Good Taste

A virtue entirely lacking among Americans.

Ms. Althouse isn't abundant in it either, it seems.

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I've said it before: he is a wordsmith. A doctor and a father and a lot of other serious and wonderful things, he writes too, but I only understand a fraction of it. When I do, I feel like I've been let in on a wonderful secret.

Some recent gems:

It was not Paris that made it good. It was the souls I have learned to love so well that made Paris a place of joy that day. When we travel, we must not forget to pack love. This is the beginning of pilgrimage.


Since then I have been thinking alot about revolutions. Not the bloody, political kind. The real ones that happen, large and small, in the hearts of men.


It is not what one believes. Or what one thinks, what one has been taught to think...It is what one wants, what one desires.

Here a living soul raises a face, here we raise our hand, fingers spread, palm upward, reaching because we would, future subjunctive, receive...and find, wholly surprised and wholly expected, our palm pressed tight against a scarred and pulsing Presence, a Hand which begins a new world by wiping away our tears.

That last one reminds me of a sermon by Carl Durham. "The battle for the Christian life is won or lost in our desires." If we don't want Christ, and of course that desire waxes and wanes, but if we don't want Christ, then what does it matter what we do?

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Pamela Anderson: Ideal Candidate for Pregnancy

The doctor behind the procedure that artificially impregnated a Patricia Rashbrook, a 63-year old British woman, is quoted on CNN as saying:

He said Rashbrook, whom he last saw in November, was "perfect" for the treatment, because although she was 62 at the time, she had a biological age of about 45.

"She came here with her husband, the couple love each other, she is very slim, blonde and in perfect condition, she fits all the criteria for maternity."

Slim and blonde. These are what God looks for in a mother.

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Friday, May 05, 2006

Ah, spring

Few things are better on God's green earth than while walking down a sidewalk, you find yourself passing by a lilac bush that's overflowing with vibrant blooms -- their scent is pure divinity.

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Thursday, May 04, 2006

Gmail is Watching You

Ms. Neidlinger and I have been emailing about the debate that's sweeping the Internet: Skirts v. Pants!

In the email compose mode, Gmail is pushing advertising relevant to our conversation. Am I the only one who thinks this is strange? Here are some examples:

Plus Size Skirt Comfortable Summer Outfits.
Size 14-32 clothing and much more.

Dance Skirts and Dresses
Huge Selection of Apparel
Save up to 30% off of Retail.

White Skirt
White skirt Online.

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Boy, I sure know how to sober this blog up!

Too bad Stephen Colbert doesn't have more to say on the nature of man. But speaking of Stephen Colbert...

OGDEN, Utah — An embarrassed charter school has discovered it booked the wrong Jon Stewart for its annual gala.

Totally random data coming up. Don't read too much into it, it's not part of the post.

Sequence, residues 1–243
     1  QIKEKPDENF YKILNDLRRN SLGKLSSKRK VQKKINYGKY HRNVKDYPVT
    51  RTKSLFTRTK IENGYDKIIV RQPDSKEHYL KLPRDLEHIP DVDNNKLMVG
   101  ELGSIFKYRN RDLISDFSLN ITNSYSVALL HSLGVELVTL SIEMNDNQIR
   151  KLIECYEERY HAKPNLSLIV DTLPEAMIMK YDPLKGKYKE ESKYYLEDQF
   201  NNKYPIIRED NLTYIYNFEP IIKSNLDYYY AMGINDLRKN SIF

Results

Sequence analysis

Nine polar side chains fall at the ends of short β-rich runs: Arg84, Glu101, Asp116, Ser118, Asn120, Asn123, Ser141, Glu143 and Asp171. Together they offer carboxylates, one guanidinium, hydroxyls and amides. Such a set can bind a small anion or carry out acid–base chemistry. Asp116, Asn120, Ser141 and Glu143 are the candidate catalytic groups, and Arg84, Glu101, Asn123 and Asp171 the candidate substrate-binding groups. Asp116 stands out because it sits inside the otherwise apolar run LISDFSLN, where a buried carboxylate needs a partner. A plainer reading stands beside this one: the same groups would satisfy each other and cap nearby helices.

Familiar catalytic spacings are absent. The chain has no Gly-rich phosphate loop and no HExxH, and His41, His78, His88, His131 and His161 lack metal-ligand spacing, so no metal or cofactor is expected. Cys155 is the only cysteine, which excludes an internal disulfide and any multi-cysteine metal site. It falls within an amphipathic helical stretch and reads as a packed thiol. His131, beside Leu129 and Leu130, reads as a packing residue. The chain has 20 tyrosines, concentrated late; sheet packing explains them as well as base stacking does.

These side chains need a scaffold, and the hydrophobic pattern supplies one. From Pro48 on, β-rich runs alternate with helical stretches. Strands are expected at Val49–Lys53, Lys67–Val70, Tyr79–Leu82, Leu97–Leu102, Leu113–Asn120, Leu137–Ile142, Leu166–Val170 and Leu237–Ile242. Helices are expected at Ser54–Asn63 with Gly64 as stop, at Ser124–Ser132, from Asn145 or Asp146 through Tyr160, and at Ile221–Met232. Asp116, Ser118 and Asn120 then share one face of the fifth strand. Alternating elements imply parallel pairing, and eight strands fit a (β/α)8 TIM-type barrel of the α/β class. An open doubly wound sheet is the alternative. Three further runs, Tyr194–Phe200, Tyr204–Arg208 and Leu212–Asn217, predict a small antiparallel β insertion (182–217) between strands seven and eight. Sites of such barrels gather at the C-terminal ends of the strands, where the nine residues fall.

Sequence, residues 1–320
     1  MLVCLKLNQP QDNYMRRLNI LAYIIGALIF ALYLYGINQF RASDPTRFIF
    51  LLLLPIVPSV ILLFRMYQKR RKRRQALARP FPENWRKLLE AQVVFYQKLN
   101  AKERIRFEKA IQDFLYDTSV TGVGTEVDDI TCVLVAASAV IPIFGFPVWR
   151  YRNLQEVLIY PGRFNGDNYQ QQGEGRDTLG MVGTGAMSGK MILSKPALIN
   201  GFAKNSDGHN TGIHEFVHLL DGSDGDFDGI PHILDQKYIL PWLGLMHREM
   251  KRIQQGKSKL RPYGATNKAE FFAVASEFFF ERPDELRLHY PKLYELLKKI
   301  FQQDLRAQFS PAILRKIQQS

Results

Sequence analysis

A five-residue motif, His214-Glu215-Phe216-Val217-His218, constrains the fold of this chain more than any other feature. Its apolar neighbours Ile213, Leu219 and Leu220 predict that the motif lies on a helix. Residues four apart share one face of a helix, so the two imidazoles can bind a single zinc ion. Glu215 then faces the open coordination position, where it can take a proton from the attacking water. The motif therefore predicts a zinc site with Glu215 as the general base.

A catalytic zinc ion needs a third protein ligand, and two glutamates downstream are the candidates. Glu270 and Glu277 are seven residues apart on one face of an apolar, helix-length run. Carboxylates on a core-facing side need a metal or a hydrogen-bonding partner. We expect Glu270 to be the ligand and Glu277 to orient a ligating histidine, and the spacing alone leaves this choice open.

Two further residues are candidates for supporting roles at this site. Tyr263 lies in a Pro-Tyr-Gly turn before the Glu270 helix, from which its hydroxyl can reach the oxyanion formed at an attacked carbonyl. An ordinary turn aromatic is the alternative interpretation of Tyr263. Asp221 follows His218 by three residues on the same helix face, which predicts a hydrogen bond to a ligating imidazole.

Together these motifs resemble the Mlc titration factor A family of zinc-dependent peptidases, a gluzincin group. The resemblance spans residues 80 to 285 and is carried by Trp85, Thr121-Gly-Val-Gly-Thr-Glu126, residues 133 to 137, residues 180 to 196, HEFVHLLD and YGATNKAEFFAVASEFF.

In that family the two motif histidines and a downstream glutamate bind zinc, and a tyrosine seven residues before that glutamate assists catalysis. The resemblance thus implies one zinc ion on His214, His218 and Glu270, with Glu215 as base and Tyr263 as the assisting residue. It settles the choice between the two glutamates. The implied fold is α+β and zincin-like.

The DaVinci Academy thought it had made a deal with comedian Jon Stewart, star of "The Daily Show" and host of this year's Academy Awards, to appear next week.

It sent out 500 invitations to businesses and planned for 900 people.

But last week, it learned that it had booked Jon A. Stewart, a former motivational speaker, businessman and part-time professional wrestler from Chicago...

A Stewart had responded, and through months of discussion there was no indication that they had not booked the Stewart they wanted, officials said.

But last week the Standard-Examiner in Ogden called Jon Stewart's publicist in Beverly Hills, and found that the only place Stewart was scheduled to be the night of the gala was on "The Daily Show." DaVinci leaders were informed of that fact Friday.

"It's been a whirlwind ... but the community has really rallied around with support," said Debbie Legge, president of the school's board of directors. "It's not about celebrities. It's about kids and helping them get a good education."

...The school is offering refunds to those who had purchased tickets expecting to see the comedian. Some already have received refunds.

That is a whopper of a mistake. Worse than being led to believe you're going to receive a serious interview from Mr. Stewart on The Daily Show.

This is a problem with relying on email as your primary form of communication. It would not have been difficult for anyone at DaVinci to pick up the phone and verbally verify the arrangement.

I also think Mr. Stewart the Wrestler should speak. I'd go. For a laugh.

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Wednesday, May 03, 2006

Wherever You Go, There You Are.

The problem with being human is that you are.

Self consciousness is the hardest thing in the world. Didn't Calvin write that there are two things we cannot know apart from God: God and ourselves?

How can we be both Priest and Worm? Kings and Queens and Beggars? Cedars and Grass?

Come and let us reason together. It is an other-worldy reason that God appeals to. Ho, every one that thirsts, come to the waters and he that has no money; come, buy and eat; yea come, buy wine and milk without money and without price.

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Tuesday, May 02, 2006

Oh, good

This should help not only our problems with Mexico, but also their already corrupt nation.


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Monday, May 01, 2006

Is it possible. . .

. . . that on a campus of over 50,000 students, I'm the only one walking to and from classes listening to Laura Ingraham on my iPod, and laughing outloud to myself as she mocks Jane Fonda, who in an interview with Barbara Walters, is asked who should run for president in '08, and she replies "Baracka"?

Probably so.